To me, the ocean is equal parts beautiful as it is terrifying. I was reminded of this terror as I climbed and jumped over massive barnacle-covered rocks to reach what looked like a cave in Wringcliff Bay. I had seen it from afar and knew I had to explore, for it would complete the smugglers’ tale of this remote and secluded shingled cove residing at the bottom of towering cliffs.
As I continued journeying on, the cave seemed to stay at the same far distance. With persistence among doubt I finally came within approachable closeness and discovered two more caves. Water was already reaching for the entrance of the furthest cave, the one that had drawn me over initially. If I made a quick dash for it I could attempt to run in while the wave pulled out. But that’s a fool’s (or a chicken’s) thought as I had no idea what to expect from the dark. Images of a watery cage crashing in kept me back.
The amplified sound of the sea against the cliff walls engulfed the scene and scared me. As I stood facing the ocean it roared towards me in intervals and made my heart beat double-time. At times it would vigorously sneak around the large black rocks, jolting and frothing every which way and I couldn’t predict where it would stop. Sometimes right at my feet. Running in between obstacles, here and there, there and here, I darted from cave opening to cave opening. I admit I didn’t dare take time to venture beyond the entrance of the two accessible caves, for stories of people trapped by rising seas while exploring the cavities of earth continued to tangle my mind and I didn’t want to become that tale of too-late. I had, after all, reached my goal—I had made it to the caves.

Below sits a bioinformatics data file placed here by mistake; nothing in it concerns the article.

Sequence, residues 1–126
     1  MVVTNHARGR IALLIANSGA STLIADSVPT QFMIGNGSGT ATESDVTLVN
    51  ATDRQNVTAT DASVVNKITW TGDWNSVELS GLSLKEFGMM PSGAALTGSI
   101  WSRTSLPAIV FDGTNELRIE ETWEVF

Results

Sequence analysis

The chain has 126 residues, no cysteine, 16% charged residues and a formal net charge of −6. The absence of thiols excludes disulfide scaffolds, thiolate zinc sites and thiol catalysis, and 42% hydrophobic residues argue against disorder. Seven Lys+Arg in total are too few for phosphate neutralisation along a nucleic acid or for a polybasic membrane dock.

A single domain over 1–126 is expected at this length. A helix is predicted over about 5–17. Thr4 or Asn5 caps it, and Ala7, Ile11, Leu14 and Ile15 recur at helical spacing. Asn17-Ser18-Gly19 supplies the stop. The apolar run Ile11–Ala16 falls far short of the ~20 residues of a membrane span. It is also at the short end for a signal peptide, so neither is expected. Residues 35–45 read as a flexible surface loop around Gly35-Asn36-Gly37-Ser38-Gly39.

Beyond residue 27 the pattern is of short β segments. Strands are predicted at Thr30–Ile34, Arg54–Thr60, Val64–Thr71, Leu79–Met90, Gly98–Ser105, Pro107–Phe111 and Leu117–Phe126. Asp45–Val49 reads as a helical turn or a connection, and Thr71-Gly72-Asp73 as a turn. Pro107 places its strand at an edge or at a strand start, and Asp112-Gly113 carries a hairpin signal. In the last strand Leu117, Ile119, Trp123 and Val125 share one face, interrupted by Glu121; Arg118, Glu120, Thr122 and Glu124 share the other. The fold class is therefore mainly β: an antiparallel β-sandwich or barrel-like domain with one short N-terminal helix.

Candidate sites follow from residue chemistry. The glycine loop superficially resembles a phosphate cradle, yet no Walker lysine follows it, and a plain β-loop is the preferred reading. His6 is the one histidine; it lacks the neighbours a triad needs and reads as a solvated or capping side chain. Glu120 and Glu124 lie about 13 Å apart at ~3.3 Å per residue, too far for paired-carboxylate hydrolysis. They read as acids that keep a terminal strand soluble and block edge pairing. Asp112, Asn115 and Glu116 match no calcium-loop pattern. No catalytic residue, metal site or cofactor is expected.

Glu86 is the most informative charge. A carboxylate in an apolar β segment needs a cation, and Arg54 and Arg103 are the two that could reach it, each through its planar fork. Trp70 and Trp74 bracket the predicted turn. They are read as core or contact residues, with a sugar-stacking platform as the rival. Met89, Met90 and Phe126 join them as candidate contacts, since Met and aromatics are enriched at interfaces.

Feeling hurriedly satisfied, I worked my way back. But instead of negotiating the rocks at a reasonable pace, I made rapid decisions with my feet and hands to move over every giant rock and boulder in a hurry. I didn’t want the tide to surprise me still. Finally, I saw my friends in the distance heading toward the ascending wooden steps at the base of the cliff. I jumped and waved and called and felt a portion of relief to be back with people and away from the incoming ocean.
Some time afterwards, I realized it has been awhile since the ocean frightened me. Normally I sit and stare or stroll, and enjoy it’s cadence and blanket of calm. It’s soft colors and soothing sounds. But it is good to be reminded of it’s strength and wielding power every once in a while, for even stone gives way to water.